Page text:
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Youth Ministers, Reclaim This Buzzword

Youth Ministers, Reclaim This Buzzword

As messengers of the Gospel, we know we must be committed to delivering the timeless truths of God and His Word in a package that’s culturally appropriate for the specific people we’re engaging with. As youth ministers, the culture we’re most concerned with is the immediate cultural context of the teenagers in our ministries.

I talk about this concept a lot in youth worker seminars and workshops. And I talk about it within my own discipleship group. When I do, I find myself often resisting a certain buzzword. It’s a specific word that pops up in my head. When it does, I find myself searching for another word, a better word. But I often struggle because I find that it’s the best word for what I want to say.

The word? Authentic.

Is there a more buzzwordy buzzword than authentic? Everything from blue jeans to banks are “authentic” these days. The problem is that when a word becomes cultural currency it loses its punch. We become immune to its power because it’s been diluted. When everything is authentic, then nothing is. When words become buzzwords, they lose their ability to describe and inspire.

But there’s a reason why buzzwords are buzzwords: They reflect cultural values.

Countless cultural observers in study after study have shown that this generation of teenagers and young adults gravitates toward that which is authentic (be it an organization, a product, or an individual). And they are turned off by any appearance of falsehood or duplicity. (At this point it’s fair to question whether young people value authenticity because pop-culture has created and effectively messaged this value, or whether pop-culture adopted a value this generation of young people already possessed. It’s a good discussion. But maybe best saved for another time.)

As those people who are committed to leading young people closer to Christ, we have to fight to reclaim this word. Why?

Because there is nothing more authentic, truly authentic, than the Gospel of Jesus Christ.

I love that Christ is the originator of authenticity! I love that I can say to a young person who craves “realness” in the things in which they put their trust, “There is no duplicity in Jesus. No deceit. No angle. No trick up His sleeve."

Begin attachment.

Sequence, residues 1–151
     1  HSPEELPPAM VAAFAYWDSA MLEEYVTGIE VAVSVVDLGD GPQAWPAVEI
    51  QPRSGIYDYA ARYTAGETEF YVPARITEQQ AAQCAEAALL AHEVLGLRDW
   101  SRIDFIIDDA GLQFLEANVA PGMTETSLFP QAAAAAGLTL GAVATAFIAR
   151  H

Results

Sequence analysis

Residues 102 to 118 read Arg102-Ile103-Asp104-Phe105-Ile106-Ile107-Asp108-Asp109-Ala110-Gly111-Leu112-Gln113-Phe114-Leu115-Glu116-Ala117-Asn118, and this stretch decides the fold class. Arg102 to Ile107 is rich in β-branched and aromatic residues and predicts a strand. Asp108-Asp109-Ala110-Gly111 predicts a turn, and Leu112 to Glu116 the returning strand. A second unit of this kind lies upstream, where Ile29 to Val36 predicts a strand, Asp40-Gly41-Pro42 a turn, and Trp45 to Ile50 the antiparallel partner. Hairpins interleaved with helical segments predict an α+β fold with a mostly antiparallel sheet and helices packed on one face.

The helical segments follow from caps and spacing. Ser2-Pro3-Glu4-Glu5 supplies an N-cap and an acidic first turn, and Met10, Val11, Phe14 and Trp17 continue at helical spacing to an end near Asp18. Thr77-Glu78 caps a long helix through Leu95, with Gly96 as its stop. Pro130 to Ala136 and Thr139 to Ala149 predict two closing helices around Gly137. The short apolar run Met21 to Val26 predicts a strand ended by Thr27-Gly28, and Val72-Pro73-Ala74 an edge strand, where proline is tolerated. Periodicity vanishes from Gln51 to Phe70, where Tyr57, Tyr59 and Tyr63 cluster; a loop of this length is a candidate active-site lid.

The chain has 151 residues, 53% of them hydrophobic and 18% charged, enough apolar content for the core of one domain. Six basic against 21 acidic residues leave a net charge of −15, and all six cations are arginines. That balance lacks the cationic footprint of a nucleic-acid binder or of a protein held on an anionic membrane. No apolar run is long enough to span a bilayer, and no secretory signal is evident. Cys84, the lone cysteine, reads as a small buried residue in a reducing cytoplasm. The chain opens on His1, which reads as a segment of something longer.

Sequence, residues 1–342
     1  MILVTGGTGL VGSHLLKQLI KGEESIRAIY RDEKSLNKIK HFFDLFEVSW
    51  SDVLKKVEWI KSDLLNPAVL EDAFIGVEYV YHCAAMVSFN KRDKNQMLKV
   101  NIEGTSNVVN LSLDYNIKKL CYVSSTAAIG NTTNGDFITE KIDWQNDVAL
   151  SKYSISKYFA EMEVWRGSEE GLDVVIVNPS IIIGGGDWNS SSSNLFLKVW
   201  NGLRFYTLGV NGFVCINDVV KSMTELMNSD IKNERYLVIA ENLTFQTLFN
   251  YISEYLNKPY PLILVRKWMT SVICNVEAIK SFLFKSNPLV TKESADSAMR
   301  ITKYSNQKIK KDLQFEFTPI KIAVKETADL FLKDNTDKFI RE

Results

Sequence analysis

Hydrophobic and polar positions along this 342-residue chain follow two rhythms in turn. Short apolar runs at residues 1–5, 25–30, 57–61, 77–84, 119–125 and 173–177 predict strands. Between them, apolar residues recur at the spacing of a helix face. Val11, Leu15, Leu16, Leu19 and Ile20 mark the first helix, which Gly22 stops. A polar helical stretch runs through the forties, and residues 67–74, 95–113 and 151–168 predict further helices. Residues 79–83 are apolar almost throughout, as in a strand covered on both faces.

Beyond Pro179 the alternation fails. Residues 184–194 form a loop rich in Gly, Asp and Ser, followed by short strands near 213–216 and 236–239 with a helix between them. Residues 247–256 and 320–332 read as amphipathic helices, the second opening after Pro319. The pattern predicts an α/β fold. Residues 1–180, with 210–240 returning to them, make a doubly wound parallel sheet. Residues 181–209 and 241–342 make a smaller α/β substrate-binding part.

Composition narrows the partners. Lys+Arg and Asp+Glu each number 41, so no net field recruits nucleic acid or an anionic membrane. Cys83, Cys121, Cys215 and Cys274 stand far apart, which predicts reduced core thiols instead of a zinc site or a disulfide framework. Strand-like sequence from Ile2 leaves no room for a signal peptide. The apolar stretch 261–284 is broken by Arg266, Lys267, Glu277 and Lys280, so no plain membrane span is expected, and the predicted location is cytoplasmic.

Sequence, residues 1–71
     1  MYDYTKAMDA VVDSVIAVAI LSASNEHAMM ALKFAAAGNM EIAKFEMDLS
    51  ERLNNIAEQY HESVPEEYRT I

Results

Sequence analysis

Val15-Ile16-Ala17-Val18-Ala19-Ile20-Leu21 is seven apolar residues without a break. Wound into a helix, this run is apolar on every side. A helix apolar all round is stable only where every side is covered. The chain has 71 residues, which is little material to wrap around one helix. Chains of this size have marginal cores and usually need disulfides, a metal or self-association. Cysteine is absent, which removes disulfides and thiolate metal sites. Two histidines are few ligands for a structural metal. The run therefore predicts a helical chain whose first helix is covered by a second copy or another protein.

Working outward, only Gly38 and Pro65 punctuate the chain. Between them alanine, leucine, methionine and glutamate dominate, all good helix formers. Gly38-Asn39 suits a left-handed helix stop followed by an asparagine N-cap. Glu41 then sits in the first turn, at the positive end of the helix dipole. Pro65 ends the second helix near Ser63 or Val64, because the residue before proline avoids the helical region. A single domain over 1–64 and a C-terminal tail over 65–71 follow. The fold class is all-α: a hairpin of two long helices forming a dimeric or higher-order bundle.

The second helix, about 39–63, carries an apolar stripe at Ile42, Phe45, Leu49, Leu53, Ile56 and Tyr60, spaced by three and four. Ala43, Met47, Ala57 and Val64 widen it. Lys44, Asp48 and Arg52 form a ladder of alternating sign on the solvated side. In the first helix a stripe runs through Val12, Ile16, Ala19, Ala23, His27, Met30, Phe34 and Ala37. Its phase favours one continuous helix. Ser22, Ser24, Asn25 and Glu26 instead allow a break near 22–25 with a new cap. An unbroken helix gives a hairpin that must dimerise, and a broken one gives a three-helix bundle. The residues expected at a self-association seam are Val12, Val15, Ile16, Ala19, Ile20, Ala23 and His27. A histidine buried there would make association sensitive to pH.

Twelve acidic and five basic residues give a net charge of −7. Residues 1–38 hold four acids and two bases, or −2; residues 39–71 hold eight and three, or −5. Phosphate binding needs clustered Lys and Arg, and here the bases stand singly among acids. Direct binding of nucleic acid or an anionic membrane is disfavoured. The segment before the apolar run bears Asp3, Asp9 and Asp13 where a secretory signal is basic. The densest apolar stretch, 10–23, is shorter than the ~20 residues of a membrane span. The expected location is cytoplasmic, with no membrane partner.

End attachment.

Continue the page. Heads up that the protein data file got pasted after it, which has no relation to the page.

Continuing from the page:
Want a culturally timely and yet eternally timeless truth? There is no manipulation in the Gospel. No bait-and-switch. There’s no catch, no hidden agenda. The fullness of God’s revelation is laid bare in Scripture, both in the written Word and in the person of Christ.

More and more I’m convinced that we need to fly the banner of Gospel authenticity. When we faithfully show students an unobstructed view of Jesus, a view not blocked by agenda, personal hang ups, or bad theology, the authenticity of the Gospel rings truer for young people than any other message in their culture.

I believe this explains the willingness of the disciples to leave everything to follow Jesus. After all, they had virtually no understanding of who Jesus really was, and no understanding at all of the scope of His work. But they had been on the fringes of Jesus’ influence. They’d heard about this guy, this teacher. Maybe they saw Him heal, or heard Him preach. And when that incredible moment of tension came, that moment when He called them . . . they followed.

I think they realized somewhere deep inside them that Jesus was authentic. He was the real deal. Different from the rest. True. Right. Constant.

As we bring the Gospel to teenagers and young adults, let’s boldly point to Jesus as the literal standard of authenticity, and do it shamelessly.

About The Author

Andy Blanks

Andy Blanks

Andy Blanks is the Publisher and Co-Founder of YM360 and Iron Hill Press. A former Marine, Andy has spent the last 17 years working in youth ministry, mostly in the field of publishing. During that time, Andy has led the development of some of the most-used Bible study curriculum and discipleship resources in the country. He has authored numerous books, Bible studies, and articles, and regularly speaks at events and conferences, both for adults and teenagers. Andy and his wife, Brendt, were married in 2000. They have four children: three girls and one boy.